Letter to Anne (2)

As one step towards the accomplishment of this longing desire, he commenced a series of monthly letters, a copy of which was to be addressed to each of his daughters. The public demands upon his time, however, became so urgent, that these letters were not continued, and we have only the following specimen to offer

"BURNTISLAND, July 24, 1841.
It is true that the Spirit is the alone effectual agent in the work of conversion, and without His agency nothing can be done to any good purpose. But this doctrine, so far from superseding diligence in the use of means, may supply the alone consideration which can justify that diligence and make it rational. Suppose it were true that in no possible way we could be made savingly to understand the Bible, - then all inducement to the reading of it would be thereby done away. But, instead of this, let us suppose that there was one way, and that was the enlightening of the Spirit given to our prayers, - this would instantly give a meaning and a motive to the exercise of dealing with our Bibles; and the perusal of the sacred volume, accompanied with supplication for light upon it from on high, would instantly become a hopeful and a reasonable employment. And, accordingly, if I were asked to specify the likeliest prescription for the wellbeing and prosperity of the soul, I should say it was a prayerful reading of the Bible.

"That we do stand in need of this supernal aid, we might well be convinced of from daily experience, for without it how often might we read again and again its most familiar and best known passages, and yet remain blind all the while to the veriest simplicities of God's Word. I was much struck with this when reading the evidence of Mr. Purves of Jedburgh the other day on the subject of revivals.... What impressed me in it was, how seldom, after all, faith in God's sayings, which is surely a very obvious, simple, and intelligible idea - how seldom it is realized by any of us. People think they believe in them, because they so far acquiesce as not to gainsay them; and yet with this acquiescence, an acquiescence so resolute and strong, that you would be shocked to utter aught in contradiction to them, there may yet be no faith. For let there be but belief in the Gospel, and where lies the hindrance to peace, joy, confidence in the good-will of a reconciled Father even at this moment? Why postpone all this? Why not rely on the good tidings of great joy, and be glad accordingly? How long shall we pnt off trusting in God for that redemption which is through the blood of Jesus, even the forgiveness of sin? It may startle you to be told, that this last question is tantamount to the following : - How long shall we persist in holding God to be a liar? He himself distinctly reduces it to this alternative. He tells us of the record that He has given of His Son, even that He has given us eternal life, and that this life is in his His Son; amd He complains of being made a liar by all who won't believe this (John v. 10, 11). This one might think is bringing salvation very near to us. It is telling us to take and live, to trust and be satisfied. On this footing, and it is the true one, there should be an instant translation from death to life, from darkness to the marvellous light of the Gospel. Let us not think that the way of being washed from our sins is anything more complex or circuitous than this, else we fall into the error of Naaman the Syrian, when told to wash him from his leprosy in the waters of Jordan. We are washed from our sins through the blood of Christ (Rev. i. 5). But this is through faith in His blood (Rom. iii. 25).. Let us so believe, and so shall it be done unto us. These are plain sayings, - yet how few think of a salvation so nigh, and so placed by God within our reach, even that God who offers and entreats, and beseeches and commands, nay, threatens it upon our acceptance. What need of prayer, then, that the scales might fall from our eyes, which hinder us from seeing this great salvatjon, and from beholding the wondrous things contained in the book of God's law. Read and pray then; ask till you receive, seek till you find, knock till the door be opened to you, and, to hasten the wished for consummation, chide yourself out of your unbelief by the consideration that it is dishonouring to God's truth. For the opposite of this, read Rom. iv. 19-28, and learn from this passage how thoroughly God's glory and your comfort are at one. May you obtain precious faith. May Christ be found in you.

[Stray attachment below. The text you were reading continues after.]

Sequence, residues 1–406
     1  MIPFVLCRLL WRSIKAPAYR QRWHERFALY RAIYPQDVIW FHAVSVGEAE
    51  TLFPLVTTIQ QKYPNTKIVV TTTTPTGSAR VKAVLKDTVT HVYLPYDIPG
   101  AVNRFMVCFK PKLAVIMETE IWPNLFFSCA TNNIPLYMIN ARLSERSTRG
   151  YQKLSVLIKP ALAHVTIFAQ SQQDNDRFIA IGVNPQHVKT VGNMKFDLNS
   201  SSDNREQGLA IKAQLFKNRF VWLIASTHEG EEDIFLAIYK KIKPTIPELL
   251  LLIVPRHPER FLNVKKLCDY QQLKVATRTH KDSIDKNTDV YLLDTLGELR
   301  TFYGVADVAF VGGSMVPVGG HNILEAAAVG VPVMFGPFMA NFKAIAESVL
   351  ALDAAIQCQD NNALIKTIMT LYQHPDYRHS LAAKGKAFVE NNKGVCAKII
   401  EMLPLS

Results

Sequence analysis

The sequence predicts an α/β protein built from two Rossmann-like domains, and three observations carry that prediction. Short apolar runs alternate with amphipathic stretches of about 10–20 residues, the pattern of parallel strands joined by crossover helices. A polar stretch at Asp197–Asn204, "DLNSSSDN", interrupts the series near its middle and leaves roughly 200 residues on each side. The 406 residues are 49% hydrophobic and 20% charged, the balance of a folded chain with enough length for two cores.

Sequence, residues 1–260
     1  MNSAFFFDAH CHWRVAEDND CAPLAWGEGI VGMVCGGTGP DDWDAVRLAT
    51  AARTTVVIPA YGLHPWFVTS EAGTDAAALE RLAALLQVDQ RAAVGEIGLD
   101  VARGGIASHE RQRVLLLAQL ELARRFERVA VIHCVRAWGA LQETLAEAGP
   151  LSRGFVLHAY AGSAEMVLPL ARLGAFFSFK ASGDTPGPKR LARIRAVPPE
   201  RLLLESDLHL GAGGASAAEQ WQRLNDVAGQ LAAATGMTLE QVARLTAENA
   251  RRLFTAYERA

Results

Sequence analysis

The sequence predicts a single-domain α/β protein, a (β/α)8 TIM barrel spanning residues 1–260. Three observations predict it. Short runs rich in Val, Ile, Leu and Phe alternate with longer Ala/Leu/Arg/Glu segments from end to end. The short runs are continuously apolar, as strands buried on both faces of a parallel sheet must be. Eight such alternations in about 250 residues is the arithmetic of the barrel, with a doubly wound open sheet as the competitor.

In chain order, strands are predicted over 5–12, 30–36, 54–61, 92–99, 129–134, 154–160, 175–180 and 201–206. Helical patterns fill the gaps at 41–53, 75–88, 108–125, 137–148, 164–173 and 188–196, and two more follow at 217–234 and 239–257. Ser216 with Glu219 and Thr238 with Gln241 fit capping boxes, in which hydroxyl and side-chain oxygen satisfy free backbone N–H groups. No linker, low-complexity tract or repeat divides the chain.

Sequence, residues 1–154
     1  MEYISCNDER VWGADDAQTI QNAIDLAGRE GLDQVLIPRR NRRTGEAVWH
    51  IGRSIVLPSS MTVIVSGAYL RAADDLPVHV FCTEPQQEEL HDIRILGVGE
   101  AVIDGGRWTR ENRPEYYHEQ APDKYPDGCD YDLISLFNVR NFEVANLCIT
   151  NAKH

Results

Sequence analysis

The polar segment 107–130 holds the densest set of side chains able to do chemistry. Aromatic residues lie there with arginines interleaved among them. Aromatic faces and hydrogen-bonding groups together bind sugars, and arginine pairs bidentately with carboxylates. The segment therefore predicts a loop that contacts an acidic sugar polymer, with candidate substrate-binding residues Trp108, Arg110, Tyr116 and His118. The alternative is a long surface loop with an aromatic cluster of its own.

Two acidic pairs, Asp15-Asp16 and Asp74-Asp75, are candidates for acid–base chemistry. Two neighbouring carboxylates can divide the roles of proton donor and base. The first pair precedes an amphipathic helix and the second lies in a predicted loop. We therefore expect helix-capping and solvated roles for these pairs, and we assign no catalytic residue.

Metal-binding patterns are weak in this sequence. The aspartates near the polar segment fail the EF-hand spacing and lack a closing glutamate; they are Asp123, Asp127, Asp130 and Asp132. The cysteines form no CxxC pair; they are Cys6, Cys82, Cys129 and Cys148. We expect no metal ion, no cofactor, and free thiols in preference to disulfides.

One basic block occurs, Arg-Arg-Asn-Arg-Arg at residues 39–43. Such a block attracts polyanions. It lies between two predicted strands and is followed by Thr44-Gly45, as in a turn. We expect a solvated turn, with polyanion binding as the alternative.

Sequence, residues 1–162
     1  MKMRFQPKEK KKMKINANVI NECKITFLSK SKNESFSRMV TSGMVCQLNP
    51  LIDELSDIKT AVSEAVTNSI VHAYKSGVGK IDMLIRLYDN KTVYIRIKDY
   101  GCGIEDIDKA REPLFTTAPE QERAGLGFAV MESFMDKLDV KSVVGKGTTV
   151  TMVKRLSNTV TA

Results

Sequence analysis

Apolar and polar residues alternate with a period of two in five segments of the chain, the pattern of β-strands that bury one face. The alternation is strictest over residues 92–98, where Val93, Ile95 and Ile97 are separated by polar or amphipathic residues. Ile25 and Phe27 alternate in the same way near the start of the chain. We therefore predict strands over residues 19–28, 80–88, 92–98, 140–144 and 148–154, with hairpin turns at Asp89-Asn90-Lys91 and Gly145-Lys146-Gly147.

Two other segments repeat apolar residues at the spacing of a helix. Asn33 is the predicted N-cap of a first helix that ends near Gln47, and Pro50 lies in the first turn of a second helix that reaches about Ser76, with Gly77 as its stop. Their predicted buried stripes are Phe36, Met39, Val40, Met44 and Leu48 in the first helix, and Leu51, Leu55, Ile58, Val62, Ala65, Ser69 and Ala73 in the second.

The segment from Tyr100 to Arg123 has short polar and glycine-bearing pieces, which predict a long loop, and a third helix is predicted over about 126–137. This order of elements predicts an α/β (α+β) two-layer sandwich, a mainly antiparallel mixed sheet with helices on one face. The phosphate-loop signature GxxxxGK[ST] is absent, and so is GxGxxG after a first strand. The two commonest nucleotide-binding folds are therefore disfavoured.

I am, my dear Anne, yours very truly,

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